Asceticism is NOT BIBLICAL.  It NEVER WAS BIBLICAL.  Asceticism is a boring, yet potentially devastating ploy invented by the Evil One who—if he cannot get Christians to throw in the towel and quit, will instead lure them into nurturing a sense of pride in not doing this and not enjoying that.*

The paradox here is that within God’s creative, expansive and wholesome arena of “this or that”, we are to walk with joyous confidence; it is the pride inherent in asceticism which God hates, and holds us accountable for.  The person who lives by asceticism may be bowing before the idol of pride!

Life on earth is to be loved, savored, celebrated, and enjoyed to the max while never losing sight of our Creator, never forgetting that He is the Creator of all things—every breath we inhale, every flower we plant and gather.  With our heads full of God’s “whatsoever things”, our lives will shine out to the lost souls who desperately need to know about our Saviour.  As long as God’s people remain on earth (His earth!) and continue to redeem the time, there will be some light, and some good, although the days are evil.

Margaret L. Been — January 26, 2016

(First posted in “God’s Word is True”, September 25, 2015)

*THE SCREWTAPE LETTERS, by C.S. Lewis provides a witty and wonderful treatise on the pitfall of asceticism.

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Pleasant places, pleasant times

gorgeous Wisconsin

Today we traveled just a few miles from our small lake-country community, out to the surrounding countryside—the rivers, farms, and woodlands which say “Wisconsin”.  Pictured above is the Rock River, once a part of the Sauk Indians’ Wisconsin and Illinois territory embedded in history by the leadership of Black Hawk.  From the photo you can see that we’ve had plenty of rain; that white thing apparently floating beyond the high grass slightly above center is a picnic bench.

Joe (flanked by Dylan) cast a line in this river park, which is simply a spur off a county road—one of countless natural retreats for travelers in our state.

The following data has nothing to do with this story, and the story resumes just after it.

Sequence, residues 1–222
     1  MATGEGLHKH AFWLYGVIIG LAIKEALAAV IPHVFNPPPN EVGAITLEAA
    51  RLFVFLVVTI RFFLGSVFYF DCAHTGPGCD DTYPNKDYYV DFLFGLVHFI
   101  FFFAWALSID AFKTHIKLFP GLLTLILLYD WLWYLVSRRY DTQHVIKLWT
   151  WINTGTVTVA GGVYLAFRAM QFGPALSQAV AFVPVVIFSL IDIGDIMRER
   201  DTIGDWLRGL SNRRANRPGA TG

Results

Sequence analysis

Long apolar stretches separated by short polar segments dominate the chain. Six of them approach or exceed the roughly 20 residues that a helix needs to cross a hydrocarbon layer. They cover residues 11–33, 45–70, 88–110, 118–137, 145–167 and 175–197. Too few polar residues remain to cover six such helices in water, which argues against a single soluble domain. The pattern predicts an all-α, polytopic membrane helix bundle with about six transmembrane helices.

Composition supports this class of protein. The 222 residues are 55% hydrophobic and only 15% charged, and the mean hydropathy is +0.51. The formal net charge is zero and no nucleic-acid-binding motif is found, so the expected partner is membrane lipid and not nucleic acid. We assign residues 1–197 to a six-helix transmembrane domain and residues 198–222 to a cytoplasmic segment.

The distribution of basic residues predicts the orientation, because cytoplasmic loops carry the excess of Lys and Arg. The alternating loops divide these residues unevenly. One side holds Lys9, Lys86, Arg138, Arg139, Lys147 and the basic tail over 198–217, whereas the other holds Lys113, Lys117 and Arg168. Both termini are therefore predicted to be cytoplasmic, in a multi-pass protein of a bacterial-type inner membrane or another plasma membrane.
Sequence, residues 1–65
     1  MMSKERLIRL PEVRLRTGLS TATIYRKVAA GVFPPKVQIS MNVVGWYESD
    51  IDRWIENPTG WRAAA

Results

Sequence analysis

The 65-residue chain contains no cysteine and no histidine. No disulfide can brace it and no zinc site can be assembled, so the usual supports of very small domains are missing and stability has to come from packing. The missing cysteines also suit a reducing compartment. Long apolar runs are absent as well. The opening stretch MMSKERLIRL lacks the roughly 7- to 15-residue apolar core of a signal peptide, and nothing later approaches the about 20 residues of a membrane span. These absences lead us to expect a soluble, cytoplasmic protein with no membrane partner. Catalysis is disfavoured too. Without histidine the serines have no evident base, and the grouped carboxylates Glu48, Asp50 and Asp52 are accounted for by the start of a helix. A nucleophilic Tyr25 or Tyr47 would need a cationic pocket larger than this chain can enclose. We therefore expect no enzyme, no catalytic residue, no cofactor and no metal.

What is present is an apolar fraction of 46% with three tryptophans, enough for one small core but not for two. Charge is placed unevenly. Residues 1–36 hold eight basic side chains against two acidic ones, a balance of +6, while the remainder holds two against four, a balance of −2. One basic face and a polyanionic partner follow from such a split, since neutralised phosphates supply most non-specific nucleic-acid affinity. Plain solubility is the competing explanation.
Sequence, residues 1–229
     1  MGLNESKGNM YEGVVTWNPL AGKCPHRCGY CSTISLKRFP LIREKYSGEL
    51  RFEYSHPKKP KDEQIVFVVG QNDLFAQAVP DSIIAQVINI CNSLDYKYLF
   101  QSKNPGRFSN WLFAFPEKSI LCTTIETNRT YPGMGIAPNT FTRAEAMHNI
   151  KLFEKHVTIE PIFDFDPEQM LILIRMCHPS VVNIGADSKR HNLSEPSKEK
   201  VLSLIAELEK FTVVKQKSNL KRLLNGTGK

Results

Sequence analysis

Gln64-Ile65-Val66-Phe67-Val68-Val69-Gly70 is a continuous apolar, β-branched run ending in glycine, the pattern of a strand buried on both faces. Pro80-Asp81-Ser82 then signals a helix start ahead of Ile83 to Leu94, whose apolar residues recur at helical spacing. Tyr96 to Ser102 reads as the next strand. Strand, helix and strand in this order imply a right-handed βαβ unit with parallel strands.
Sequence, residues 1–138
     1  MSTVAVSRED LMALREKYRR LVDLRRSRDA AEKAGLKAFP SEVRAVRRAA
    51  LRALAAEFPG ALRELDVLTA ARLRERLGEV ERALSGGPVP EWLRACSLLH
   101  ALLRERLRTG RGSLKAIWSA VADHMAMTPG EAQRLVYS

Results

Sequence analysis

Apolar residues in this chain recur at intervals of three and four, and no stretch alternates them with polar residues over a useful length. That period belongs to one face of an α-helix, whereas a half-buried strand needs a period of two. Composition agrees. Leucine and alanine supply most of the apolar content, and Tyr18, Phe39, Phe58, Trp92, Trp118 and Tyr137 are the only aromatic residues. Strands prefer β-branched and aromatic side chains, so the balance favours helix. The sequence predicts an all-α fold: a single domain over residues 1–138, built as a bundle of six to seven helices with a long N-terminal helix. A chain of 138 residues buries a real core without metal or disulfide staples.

gorgeous outing

When Dylan wasn’t fishing, he strolled with me along the water’s edge.  Suddenly, he decided to go wading—something he has never done before.  I was amazed, because it’s always a struggle to get Dylan into the bathtub.  But then, haven’t little boys always preferred wading in rivers to getting lathered up in a tub?  So it’s no wonder that Dylan went in up to his belly, which isn’t all that high off the ground.  Perhaps the presence of hundreds of teensy tadpoles darting in the water provided a lure to adventure, even when it meant my corgi had to get wet.

From the river site Joe, Dylan, and I meandered along country lanes west of the Kettle Moraine State Forest where we lived for 21 years—the longest I have ever lived in any one place for my entire life.  We visited a friend on a farm near Fort Atkinson (more historic Sauk country), and Dylan ran free of his leash—something he hasn’t done since we moved nearly 5 years ago, from our wild northern acres.  On that farm Joe and I stroked horses noses and fondled a small herd of mini-Nubian goats—all of whom Dylan approached with friendly enthusiasm.  (Dylan LOVES all living creatures, barring dogs.  He wants to KILL dogs!)

Laden with rhubarb and some of the best fresh spinach we’ve ever had, we returned home via a favorite country ice-cream shop—“Pickets” possibly named after a 1990s TV series, PICKET FENCES, hypothetically set in  Rome, Wisconsin.*

The actual village of Rome (on the Bark River) seems like something Time forgot, except for the occasional local person walking around with a cell phone.

As you readers can probably gather, our octogenarian decade is at this moment an extremely pleasant time.  We live surrounded by pleasant places, and Home is the most pleasant of all.  Currently we have another family living with us—not inside our 4 room condo, but just outside and above our living room/patio door.

gorgeous best yet birds

The nest contains 5 baby barn swallows.  A week ago we saw nothing but mouths lining the edge of the nest; and when they were open the mouths looked like mini-Muppets.  Now the babies are leaning out of the nest, and they are hilarious.  The middle bird is huge compared to his or her “sibs”, and also the most aggressive.  Some have learned to back over the edge to do their bird jobs; consequently we’ll soon have a piece of work to clean-up.

What we are seeing is Entitlement in action; I call it “OCCUPY NASHOTAH”.  For several days the parents have been zooming and fluttering around between feedings.  It seems that Mom and Dad realize it’s time for their nestlings to get out on their own and DO THEIR OWN WORK!  I hope to be out there when it happens!  🙂